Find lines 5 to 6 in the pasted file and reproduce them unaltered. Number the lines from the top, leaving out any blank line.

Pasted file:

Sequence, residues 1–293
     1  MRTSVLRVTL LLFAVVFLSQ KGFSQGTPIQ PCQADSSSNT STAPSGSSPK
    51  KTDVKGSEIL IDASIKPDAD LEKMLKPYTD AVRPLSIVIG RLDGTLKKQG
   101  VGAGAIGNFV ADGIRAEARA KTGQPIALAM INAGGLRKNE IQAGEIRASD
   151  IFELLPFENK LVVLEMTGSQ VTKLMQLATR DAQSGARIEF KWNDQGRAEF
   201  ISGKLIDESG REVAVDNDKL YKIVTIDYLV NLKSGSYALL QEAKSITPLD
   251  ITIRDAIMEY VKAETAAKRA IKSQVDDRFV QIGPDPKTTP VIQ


   151  IFELLPFENK LVVLEMTGSQ VTKLMQLATR DAQSGARIEF KWNDQGRAEF
   201  ISGKLIDESG REVAVDNDKL YKIVTIDYLV NLKSGSYALL QEAKSITPLD